Too often we don’t want to obey God’s commands until we have a year’s supply of flour and oil in the pantry.  We want to see the miracle first – then we will obey.  And so we miss many, many opportunities to grow in our walks with God and to be effective in serving him and others.  What impossible, or even merely difficult, things is God calling you to do?  Are there areas in your life where you know God has called you to be someone or to do something and you simply don’t have the gifts or resources necessary?    Trust God and obey him as a first order of business.  Perhaps you will discover that he is able to provide you with your daily bread – even in impossible situations.

Your Pastor,

Bob Bjerkaas

N.B. The image above is  Elijah Receiving Bread from the Widow of Zarephath,  oil on canvas painting by Giovanni Lanfranco (1582-1647).   This image is made available by Getty’s Open Content Program.

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Time, Chance, and the Providence of God

The “Final Four” for the 2017 Men’s NCAA Championship have been determined!  For those of you who don’t follow college basketball, this is a big deal.  Sixty-four teams are invited to compete in this annual championship.  They are divided into four regional divisions of sixteen teams each.  The teams that won their divisions this past week make up the “Final Four.”  This year those teams are: Oregon, Gonzaga, North Carolina, and South Carolina.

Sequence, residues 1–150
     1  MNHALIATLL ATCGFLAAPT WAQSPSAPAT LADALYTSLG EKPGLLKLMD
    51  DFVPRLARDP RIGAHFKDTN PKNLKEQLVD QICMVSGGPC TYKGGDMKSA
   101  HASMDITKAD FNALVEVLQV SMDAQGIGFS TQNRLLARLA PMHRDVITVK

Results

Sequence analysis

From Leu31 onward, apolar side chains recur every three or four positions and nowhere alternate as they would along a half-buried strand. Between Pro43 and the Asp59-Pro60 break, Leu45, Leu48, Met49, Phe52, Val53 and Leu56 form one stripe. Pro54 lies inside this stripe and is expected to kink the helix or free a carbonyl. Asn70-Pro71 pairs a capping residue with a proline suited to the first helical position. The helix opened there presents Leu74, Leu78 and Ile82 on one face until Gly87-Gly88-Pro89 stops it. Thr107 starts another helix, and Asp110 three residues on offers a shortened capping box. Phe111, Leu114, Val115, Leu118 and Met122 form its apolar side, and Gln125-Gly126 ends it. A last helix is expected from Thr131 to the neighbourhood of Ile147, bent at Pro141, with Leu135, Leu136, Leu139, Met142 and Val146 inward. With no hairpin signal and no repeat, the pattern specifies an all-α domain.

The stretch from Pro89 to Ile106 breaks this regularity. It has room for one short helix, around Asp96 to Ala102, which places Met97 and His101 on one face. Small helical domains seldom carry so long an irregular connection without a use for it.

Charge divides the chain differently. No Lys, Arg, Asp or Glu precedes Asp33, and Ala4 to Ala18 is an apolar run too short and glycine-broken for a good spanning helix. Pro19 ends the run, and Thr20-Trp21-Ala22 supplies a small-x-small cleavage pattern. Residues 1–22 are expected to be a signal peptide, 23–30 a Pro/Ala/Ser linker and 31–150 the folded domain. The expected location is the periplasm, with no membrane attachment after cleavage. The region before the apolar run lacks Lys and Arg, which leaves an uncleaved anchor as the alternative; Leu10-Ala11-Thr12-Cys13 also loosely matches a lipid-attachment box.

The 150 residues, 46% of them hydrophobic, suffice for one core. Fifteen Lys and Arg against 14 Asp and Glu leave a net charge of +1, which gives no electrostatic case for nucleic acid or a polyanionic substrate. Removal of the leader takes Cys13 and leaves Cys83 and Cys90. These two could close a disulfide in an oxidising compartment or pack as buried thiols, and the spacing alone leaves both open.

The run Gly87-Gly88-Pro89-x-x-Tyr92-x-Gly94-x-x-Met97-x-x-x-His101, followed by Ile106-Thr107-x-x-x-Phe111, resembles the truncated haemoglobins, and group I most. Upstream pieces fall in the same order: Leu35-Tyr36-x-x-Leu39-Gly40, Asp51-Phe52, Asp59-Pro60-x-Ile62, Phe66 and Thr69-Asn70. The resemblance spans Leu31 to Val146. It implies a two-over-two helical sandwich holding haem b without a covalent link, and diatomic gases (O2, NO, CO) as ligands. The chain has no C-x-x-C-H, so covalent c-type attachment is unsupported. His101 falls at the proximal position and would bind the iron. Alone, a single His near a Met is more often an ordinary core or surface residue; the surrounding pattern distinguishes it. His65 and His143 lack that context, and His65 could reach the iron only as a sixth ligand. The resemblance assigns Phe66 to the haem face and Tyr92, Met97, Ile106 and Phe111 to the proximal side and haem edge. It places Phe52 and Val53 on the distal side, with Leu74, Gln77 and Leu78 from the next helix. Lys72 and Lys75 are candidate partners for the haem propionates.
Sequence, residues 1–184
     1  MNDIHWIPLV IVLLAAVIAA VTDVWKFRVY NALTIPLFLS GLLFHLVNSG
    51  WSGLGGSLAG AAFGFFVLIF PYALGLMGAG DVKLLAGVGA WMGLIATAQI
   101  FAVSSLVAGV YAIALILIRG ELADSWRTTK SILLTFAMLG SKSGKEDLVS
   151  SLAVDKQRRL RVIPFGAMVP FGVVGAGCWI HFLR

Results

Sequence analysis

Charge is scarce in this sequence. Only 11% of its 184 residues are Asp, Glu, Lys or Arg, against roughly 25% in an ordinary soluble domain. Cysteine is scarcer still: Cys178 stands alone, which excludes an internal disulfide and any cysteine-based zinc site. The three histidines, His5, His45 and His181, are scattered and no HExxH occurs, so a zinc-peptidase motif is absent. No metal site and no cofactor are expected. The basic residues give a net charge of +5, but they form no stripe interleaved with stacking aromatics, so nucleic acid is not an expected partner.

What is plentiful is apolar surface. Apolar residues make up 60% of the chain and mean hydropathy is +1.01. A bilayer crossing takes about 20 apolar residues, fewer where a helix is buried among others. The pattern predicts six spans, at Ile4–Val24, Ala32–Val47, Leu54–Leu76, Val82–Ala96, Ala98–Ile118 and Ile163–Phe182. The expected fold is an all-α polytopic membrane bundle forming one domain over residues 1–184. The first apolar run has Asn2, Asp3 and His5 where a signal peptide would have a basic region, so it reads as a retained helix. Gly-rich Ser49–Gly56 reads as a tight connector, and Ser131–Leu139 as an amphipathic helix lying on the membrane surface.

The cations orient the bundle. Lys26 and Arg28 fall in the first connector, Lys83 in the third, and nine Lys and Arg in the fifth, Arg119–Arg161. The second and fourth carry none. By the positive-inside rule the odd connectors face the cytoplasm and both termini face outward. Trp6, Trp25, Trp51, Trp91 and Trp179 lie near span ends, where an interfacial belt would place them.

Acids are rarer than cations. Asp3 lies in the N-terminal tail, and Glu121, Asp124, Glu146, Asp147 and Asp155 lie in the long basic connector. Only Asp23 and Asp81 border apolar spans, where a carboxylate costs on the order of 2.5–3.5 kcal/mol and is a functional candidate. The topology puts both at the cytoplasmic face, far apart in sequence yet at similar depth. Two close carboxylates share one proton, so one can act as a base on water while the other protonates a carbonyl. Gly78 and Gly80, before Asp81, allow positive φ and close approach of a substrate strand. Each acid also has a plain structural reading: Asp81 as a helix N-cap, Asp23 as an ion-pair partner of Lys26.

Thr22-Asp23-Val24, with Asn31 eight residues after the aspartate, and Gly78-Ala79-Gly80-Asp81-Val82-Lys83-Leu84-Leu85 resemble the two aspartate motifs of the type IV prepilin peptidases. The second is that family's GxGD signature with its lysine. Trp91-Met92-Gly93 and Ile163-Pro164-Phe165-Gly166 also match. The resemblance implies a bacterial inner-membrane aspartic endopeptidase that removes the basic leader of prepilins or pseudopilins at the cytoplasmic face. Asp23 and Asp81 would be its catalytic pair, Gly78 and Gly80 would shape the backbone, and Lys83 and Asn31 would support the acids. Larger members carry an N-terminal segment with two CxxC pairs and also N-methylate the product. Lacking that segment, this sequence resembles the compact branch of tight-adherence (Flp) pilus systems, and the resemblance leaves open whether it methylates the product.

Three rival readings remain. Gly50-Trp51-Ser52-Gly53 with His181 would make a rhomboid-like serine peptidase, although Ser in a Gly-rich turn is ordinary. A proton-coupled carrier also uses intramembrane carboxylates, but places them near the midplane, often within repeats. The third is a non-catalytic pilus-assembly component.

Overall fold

For sports fans and gamblers alike, this tournament provides an awful lot of excitement.  It might be said that filling out brackets, i.e. predicting who will win the games in this tournament, is a national pastime.  Just one online platform for projecting tournament winners had 18.8 million participants filling out brackets – predicting who the winners and losers would be![1]  What a wonderful sample from which to crowd source a likely outcome for the tournament.

And yet we find that the nation’s experts and amateurs alike are off the mark.  By a lot.  Shockingly, only 657 people (out of 18.8 million) picked Oregon, Gonzaga, North Carolina, and South Carolina to be the 2017 Final Four.  That is 0.003%.  How can so few people have picked the four teams that would win their sixteen team divisions?

Ecclesiastes 9:11 offers some insight on this phenomenon:

“I have seen something else under the sun: The race is not to the swift or the battle to the strong, nor does food come to the wise or wealth to the brilliant or favor to the learned; but time and chance happen to them all.”